Santoku • 180 mm • stainless san mai • magnolia • Shirogami white #1 • WA handle • for both left-handed and right-handed use
A classic knife by Fujiwara, hammered and forged by hand, with a robust look. Thanks to the thin finishing of the blade above the cutting edge this knife is extremely sharp. The handle is made of magnolia. The finishing of the blade is called Nashiji, which is named after the skin of a Japanese pear. This knife is used by professionals and passionate homecooks.
Elwin de Veld about Fujiwara Teruyasu's Nashiji series:
All his knives are thinned by hand on the Kaiten Toshi water stone, then finished with a micro bevel. Fujiwara knives are known for their thin blades, so this means they are perfect for cutting, but not for chopping bones or frozen foods. The blade is fragile on the cutting edge and if force is used in an unappropiate way, this may harm the cutting edge.
White steel, also known as: Shirogami/White paper/Shiroko steel
This traditional steel is not named after its colour, but named after the colour of its paper wrapping, in which it is stored in the Hitachi steel factory in Japan. There are 3 grades of Shirogami white steel: #1,#2 & #3. From these 3, #1 contains the highest amount of carbon and #3 the lowest. Generally we say at our knifeshop, grade #1 can be made extremely sharp, but will be a little more fragile than #3. While #3 is a little softer, it's also easier to resharpen, but has less edge retention. Grades #1 & #2 are most common among white steels. White steel is a refined steel with a low percentage of iron, loved by many, as it is relatively easy to maintain. In practice it can be maintained with a whetstone and in a short amount of time it will become very sharp. This does not mean that these knives never have to be resharpened by a professional, even all knives in Japan need to be refurbished at a certain moment. This Shirogami steel is embraced by sushi chefs who demand extreme sharpness of their knives. White steel oxidates relatively quick and therefore needs to be maintained more often, but on the other hand you will get all benefits of this beautiful steel characteristics.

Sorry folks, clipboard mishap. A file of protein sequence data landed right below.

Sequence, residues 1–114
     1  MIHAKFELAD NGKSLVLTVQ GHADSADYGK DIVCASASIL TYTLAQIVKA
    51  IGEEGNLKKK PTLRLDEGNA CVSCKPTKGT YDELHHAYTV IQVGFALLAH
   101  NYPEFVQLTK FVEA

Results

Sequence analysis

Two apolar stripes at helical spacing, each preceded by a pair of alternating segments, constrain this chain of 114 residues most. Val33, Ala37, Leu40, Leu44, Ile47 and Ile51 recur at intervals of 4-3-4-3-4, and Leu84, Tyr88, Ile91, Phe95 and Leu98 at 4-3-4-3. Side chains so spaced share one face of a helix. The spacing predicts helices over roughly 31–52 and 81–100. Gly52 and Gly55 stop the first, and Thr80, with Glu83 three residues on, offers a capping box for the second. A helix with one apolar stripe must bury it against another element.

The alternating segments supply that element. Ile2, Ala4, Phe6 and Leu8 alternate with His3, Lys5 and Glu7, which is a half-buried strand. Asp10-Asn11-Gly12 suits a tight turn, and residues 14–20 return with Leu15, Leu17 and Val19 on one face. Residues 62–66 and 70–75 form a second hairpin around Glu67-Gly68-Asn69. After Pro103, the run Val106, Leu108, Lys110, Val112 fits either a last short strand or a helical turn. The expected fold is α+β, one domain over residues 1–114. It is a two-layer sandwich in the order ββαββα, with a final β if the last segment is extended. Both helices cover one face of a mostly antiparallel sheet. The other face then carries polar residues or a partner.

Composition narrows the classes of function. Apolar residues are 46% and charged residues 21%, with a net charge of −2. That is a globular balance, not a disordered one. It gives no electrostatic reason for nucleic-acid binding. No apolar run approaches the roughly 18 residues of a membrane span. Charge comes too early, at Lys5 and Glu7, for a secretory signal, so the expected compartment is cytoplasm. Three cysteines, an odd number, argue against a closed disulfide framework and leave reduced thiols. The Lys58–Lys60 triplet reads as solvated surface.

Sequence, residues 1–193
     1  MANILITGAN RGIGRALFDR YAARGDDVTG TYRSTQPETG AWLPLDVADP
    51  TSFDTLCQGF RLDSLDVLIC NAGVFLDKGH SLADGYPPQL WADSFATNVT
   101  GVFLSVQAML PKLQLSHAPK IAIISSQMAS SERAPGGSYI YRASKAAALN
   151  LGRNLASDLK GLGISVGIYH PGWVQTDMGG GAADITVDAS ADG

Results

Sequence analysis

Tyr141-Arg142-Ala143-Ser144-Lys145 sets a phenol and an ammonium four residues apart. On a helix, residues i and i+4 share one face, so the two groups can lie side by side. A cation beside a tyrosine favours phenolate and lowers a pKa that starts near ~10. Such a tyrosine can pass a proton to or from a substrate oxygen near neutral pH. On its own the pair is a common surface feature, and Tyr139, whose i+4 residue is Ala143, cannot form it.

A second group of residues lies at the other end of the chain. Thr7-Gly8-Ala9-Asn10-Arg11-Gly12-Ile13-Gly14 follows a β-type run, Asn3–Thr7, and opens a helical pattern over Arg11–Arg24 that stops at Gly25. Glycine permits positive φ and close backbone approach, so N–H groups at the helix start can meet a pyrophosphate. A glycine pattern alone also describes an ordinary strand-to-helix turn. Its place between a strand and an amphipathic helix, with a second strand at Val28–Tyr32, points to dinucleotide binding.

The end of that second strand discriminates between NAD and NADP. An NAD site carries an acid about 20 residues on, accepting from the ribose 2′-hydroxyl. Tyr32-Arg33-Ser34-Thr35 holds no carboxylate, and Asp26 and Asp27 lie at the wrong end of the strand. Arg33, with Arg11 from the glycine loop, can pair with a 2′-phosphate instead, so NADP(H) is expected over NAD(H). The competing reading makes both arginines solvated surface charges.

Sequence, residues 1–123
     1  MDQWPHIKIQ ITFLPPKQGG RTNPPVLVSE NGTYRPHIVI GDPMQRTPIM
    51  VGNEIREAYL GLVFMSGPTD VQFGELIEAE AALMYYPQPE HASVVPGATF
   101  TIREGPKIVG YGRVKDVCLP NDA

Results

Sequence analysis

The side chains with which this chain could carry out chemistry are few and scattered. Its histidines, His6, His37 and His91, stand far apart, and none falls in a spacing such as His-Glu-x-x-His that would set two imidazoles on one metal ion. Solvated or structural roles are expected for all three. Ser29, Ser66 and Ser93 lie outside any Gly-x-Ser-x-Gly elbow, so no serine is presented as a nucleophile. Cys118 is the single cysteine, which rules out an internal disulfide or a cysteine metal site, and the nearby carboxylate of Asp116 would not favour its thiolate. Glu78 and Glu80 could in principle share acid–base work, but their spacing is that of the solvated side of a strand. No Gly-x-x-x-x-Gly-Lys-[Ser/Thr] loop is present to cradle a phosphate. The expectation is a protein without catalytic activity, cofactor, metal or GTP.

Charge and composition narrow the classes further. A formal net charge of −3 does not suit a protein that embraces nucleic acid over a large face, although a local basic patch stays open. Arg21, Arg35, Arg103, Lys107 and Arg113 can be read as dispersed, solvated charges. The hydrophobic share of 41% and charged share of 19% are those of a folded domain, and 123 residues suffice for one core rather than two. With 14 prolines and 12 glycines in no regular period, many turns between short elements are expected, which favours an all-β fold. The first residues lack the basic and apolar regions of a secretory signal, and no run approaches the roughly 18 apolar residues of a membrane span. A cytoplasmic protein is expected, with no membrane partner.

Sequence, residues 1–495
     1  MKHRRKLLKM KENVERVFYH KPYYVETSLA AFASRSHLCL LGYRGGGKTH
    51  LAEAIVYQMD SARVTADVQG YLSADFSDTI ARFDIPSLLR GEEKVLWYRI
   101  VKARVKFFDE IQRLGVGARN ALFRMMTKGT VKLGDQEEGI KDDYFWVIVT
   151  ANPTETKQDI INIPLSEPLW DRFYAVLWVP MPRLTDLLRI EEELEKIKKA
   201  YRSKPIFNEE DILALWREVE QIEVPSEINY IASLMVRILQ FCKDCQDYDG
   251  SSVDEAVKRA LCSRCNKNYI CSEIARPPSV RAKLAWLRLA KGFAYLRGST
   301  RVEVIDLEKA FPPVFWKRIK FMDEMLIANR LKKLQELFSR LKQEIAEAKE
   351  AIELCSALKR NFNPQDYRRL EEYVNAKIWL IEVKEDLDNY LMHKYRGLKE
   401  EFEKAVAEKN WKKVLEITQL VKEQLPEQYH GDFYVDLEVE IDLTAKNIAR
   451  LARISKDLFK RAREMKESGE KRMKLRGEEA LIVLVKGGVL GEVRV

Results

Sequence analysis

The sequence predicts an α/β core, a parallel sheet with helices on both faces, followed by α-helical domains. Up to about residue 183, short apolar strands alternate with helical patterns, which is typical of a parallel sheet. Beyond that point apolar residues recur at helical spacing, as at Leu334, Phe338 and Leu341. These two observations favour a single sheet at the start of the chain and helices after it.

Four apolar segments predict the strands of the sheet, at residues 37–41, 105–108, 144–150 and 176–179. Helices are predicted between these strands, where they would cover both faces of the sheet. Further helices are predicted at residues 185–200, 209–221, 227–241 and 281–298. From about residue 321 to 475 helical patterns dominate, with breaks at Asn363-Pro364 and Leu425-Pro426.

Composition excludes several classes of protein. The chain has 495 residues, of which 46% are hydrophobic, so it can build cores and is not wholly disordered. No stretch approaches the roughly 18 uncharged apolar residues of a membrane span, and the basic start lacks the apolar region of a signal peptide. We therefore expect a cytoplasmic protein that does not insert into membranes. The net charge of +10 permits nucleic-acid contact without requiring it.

Elwin de Veld about Fujiwara Teruyasu:
In 2019 Fujiwara knives have celebrated their 150 years of craftmanship, nowadays run by president Kojiro san, who is the 4th generation owner of this family business. Forging still in a traditional and authentic way, similar to his ancestors, who were forging katanas, the Japanese swords. By improving this process, but maintaining to traditional knife making, his knives are nowadays comparably as sharp or even sharper, as swords in the past. Fujiwara is well known for its robust knives. Maybe not the flawless finish as you can expect in this range, but this inferior finish has a name in Japanese: wabi sabi.
In 2018 I've met Kojiro san in person in his small workshop in Tokyo. Star strucked as I was, I forgot how to speak... "Are you gonna introduce yourself?" my wife asked. Social media can influence your expectations. Of course I had a reality check and Koijiro san is a very normal and approachable knife maker, actually a joker as he was joking with my wife the whole time. Side by side we have worked for a day in his small workshop near his home, finishing handles and sharpening blades. Kojiro san is a passionate craftsman and a 4th generation owner of a family business. This day I learned about tradition, craftmanship and Japanese history of knifemaking and built a foundation for a long lasting business relationship. Arigato Gozaimasu Kojiro san.